Maryland v. Wirtz

Decision Date10 June 1968
Docket NumberNo. 742,742
Citation88 S.Ct. 2017,392 U.S. 183,20 L.Ed.2d 1020
PartiesMARYLAND et al., Appellants, v. W. Willard WIRTZ, Secretary of Labor, et al
CourtU.S. Supreme Court

[Syllabus from pages 183-184 intentionally omitted] Alan M. Wilner, Baltimore, Md. and Charles Alan Wright, Austin, Tex., for appellants.

Solicitor Gen., Erwin N. Griswold, for appellees.

Mr. Justice HARLAN delivered the opinion of the Court.

As originally enacted,1 the Fair Labor Standards Act of 1938 required every employer to pay each of his employees 'engaged in commerce or in the production of goods for commerce'2 a certain minimum hourly wage, and to pay at a higher rate for work in excess of a certain maximum number of hours per week. The Act defined the term 'employer' so as to exclude 'the United States or any State or political subdivision of a State * * *.'3 This case involves the constitutionality of two sets of amendments to the original enactment.

In 1961, Congress changed the basis of employee coverage: instead of extending protection to employees individually connected to interstate commerce, the Act now covers all employees of any 'enterprise' engaged in commerce or production for commerce, provided the enterprise also falls within certain listed categories.4 In 1966, Congress added to the list of categories the following:

'(4) is engaged in the operation of a hospital, an institution primarily engaged in the care of the sick, the aged, the mentally ill or defective who reside on the premises of such institution, a school for the mentally or physically handicapped or gifted children, an elementary or secondary school, or an insti- tution of higher education (regardless of whether or not such Lospital, institution, or school is public or private or operated for profit or not for profit).'5

At the same time, Congress modified the definition of 'employer' so as to remove the exemption of the States and their political subdivisions with respect to employees of hospitals, institutions, and schools.6

The State of Maryland, since joined by 27 other States and one school district, brought this action against the Secretary of Labor to enjoin enforcement of the Act insofar as it now applies to schools and hospitals operated by the States or their subdivisions. The plaintiffs made four contentions. They argued that the expansion of coverage through the 'enterprise concept' was beyond the power of Congress under the Commerce Clause. They contended that coverage of state-operated hospitals and schools was also beyond the commerce power. They asserted that the remedial provisions of the Act,7 if applied to the States, would conflict with the Eleventh Amendment. Finally, they urged that even if their constitutional arguments were rejected, the court should declare that schools and hospitals, as enterprises, do not have the statutorily required relationship to interstate commerce.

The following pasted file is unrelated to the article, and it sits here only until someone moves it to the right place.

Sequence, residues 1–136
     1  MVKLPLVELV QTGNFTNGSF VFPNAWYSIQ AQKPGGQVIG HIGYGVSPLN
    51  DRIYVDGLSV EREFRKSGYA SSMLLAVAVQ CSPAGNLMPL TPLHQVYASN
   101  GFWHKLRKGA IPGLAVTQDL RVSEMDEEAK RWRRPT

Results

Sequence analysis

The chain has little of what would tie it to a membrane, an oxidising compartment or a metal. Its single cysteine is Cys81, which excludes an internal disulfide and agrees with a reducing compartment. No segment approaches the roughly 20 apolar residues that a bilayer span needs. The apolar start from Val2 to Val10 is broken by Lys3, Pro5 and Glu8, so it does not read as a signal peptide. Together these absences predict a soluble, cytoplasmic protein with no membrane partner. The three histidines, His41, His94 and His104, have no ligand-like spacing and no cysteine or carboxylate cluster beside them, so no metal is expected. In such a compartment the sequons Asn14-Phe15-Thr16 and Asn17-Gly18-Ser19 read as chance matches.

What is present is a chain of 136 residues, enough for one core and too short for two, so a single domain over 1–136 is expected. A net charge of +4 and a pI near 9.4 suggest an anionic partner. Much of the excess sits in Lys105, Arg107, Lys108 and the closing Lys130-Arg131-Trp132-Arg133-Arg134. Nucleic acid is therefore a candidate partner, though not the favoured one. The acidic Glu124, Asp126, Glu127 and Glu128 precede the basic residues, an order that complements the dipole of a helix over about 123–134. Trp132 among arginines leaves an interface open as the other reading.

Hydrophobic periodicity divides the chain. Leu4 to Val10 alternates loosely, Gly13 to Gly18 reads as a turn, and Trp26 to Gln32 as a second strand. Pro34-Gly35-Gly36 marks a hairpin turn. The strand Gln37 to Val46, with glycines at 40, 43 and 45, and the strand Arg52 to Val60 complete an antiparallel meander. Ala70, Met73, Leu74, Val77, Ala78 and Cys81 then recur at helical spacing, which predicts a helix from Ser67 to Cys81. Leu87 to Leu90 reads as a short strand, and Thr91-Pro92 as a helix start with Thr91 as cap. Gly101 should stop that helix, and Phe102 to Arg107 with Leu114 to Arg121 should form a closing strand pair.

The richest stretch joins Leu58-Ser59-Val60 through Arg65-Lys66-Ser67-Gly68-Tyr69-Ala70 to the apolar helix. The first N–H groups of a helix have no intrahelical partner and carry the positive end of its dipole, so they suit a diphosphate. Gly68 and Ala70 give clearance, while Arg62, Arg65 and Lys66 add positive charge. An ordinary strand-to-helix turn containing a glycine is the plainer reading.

A three-judge district court, convened pursuant to 28 U.S.C. § 2282, declined to issue a declaratory judgment or an injunction.8 Three opinions were written. Judges Winter and Thomsen, constituting the majority, concluded for different reasons that the adoption of the 'enterprise concept' of coverage and the extension of coverage to state institutions could not be said, on the face of the Act, to exceed Congress' power under the Commerce Clause. Both declined to consider the Eleventh Amendment and statutory contentions. Judge Northrop dissented, concluding that the amendments exceeded the commerce power because they transgressed the sovereignty of the States.

We noted probable jurisdiction of the plaintiffs' appeal, 389 U.S. 1031, 88 S.Ct. 772, 19 L.Ed.2d 819. For reasons to follow, we affirm the judgment of the District Court.


We turn first to the adoption in 1961 of the 'enterprise concept.' Whereas the Act originally extended to every employee 'who is engaged in commerce or in the production of goods for commerce,' it now protects every employee who 'is employed in an enterprise engaged in commerce or in the production of goods for commerce.'9 Such an enterprise is defined as one which, along with other qualifications, 'has employees engaged in commerce or in the production of goods for commerce * * *.'10 Thus the effect of the 1961 change was to extend protection to the fellow employees of any employee who would have been protected by the original Act, but not to enlarge the class of employers subject to the Act.

In United States v. Darby, 312 U.S. 100, 61 S.Ct. 451, 85 L.Ed. 609, this Court found the original Act a legitimate exercise of congressional power to regulate commerce among the States. Appellants accept the Darby decision, but contend that the extension of protection to fellow employees of those originally covered exceeds the commerce power. We conclude, to the contrary, that the constitutionality of the 'enterprise concept' is settled by the reasoning of Darby itself and is independently established by principles stated in other cases.